Let’s try if it works.

  1. Using a web browser on the phone, go to a page that requires login. Tap the empty field that asks for your username or email address.
  2. KeePassDX displays a tiny prompt on the login window for you to confirm that you want to login. If this happens to be the first time for this particular service, you may have to select the correct entry from the list KeePassDX displays to you. Next time, the program knows which entry matches with this web page, and logs you in automatically.

For help on KeePassDX installation and configuration, this Wiki has more details.

One more thing: Make the Keepass master password easier to use, and more secure

Now, assuming that everything is correctly set up, your login passwords magically appear into the correct places on the screen and let you access services and apps without having to type a single password anymore. Excellent. In the beginning you set a strong password for the KeePass database, and it is the only password you have to type. If typing this password feels bothersome, there is one trick that makes it even more secure while allowing you to get away with a not so strong password (surely, a security expert will calculate the odds for relaxing from a strong password to a not so strong, but since this method requires two factors that are both correct, as a whole it is secure).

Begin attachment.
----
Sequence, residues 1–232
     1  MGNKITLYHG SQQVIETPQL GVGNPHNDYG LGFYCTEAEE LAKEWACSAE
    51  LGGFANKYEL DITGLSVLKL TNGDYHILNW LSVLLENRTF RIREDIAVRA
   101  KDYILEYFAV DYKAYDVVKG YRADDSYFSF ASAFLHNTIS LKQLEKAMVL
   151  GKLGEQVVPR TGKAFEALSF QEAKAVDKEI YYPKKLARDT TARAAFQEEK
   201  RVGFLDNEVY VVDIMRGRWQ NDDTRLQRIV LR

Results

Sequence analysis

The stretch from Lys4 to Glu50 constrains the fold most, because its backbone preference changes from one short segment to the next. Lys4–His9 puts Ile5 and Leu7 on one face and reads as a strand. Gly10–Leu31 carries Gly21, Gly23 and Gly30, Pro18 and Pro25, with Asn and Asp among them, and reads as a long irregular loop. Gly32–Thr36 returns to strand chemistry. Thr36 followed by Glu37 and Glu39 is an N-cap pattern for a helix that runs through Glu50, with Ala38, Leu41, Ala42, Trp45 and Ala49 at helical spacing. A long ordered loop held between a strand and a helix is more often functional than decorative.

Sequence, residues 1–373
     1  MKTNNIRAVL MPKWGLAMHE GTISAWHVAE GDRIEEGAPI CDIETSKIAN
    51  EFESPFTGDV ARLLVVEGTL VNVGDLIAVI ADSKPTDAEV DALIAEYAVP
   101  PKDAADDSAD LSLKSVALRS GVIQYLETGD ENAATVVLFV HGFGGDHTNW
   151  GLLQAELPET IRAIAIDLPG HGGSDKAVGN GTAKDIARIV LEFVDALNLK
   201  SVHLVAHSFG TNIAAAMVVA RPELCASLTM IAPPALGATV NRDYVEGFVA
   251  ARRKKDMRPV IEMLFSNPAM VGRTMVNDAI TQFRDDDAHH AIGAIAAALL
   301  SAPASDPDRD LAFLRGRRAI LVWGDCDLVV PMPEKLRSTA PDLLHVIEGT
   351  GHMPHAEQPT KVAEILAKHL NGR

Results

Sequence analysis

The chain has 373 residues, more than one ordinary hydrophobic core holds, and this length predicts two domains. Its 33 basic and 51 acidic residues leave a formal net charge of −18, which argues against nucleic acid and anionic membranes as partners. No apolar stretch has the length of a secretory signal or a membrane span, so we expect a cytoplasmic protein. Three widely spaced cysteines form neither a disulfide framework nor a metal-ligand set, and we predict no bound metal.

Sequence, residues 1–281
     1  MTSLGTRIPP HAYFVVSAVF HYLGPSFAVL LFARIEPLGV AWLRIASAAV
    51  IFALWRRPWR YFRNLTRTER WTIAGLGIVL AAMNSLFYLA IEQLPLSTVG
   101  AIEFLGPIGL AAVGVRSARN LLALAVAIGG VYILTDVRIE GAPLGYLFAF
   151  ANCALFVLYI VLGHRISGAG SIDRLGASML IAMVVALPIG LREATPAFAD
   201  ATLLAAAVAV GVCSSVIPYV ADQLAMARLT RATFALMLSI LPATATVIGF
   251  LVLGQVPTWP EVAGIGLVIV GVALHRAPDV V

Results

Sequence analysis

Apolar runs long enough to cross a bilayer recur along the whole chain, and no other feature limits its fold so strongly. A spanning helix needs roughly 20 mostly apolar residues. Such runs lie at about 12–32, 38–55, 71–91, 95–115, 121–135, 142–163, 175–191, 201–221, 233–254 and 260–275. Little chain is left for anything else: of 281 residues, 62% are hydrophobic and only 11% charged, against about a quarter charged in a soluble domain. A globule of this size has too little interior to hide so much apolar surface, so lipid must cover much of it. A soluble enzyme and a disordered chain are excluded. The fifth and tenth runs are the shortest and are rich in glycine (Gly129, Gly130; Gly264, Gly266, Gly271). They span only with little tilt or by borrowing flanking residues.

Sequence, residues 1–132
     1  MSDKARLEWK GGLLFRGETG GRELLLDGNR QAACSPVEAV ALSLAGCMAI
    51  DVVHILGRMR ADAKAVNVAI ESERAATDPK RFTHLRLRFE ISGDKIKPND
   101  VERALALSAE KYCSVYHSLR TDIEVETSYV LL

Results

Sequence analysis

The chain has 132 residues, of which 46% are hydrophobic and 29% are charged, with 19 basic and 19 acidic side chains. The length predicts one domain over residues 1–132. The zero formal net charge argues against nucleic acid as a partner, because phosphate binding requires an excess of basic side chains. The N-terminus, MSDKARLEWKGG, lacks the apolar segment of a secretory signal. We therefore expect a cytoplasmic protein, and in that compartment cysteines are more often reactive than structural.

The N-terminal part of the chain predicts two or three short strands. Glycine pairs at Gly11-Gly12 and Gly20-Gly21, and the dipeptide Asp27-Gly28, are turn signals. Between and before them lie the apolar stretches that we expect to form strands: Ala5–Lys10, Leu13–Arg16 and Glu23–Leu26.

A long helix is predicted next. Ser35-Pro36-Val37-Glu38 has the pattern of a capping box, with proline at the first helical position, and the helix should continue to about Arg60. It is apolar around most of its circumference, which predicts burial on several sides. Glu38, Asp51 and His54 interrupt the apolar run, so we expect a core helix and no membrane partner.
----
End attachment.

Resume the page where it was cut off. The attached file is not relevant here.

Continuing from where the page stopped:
This method requires a file that you create (Key File), and a password you set. In practice, here is how to open your KeePass database once the Key File method is ready:

  • Insert a USB memory stick into a USB port of your PC, tablet or phone. The stick includes the Key File.
  • Type the master password for the KeePass database. Hit Enter. Your password vault opens. You may remove the USB stick.

Because the Key File must be accessible and the typed password has to be correct before KeePass opens the database, this is a secure method for accessing passwords. In other words, if you remove the USB stick from your device, no one can open your secret password database – not even if they would manage to get the password right. Simple and clever.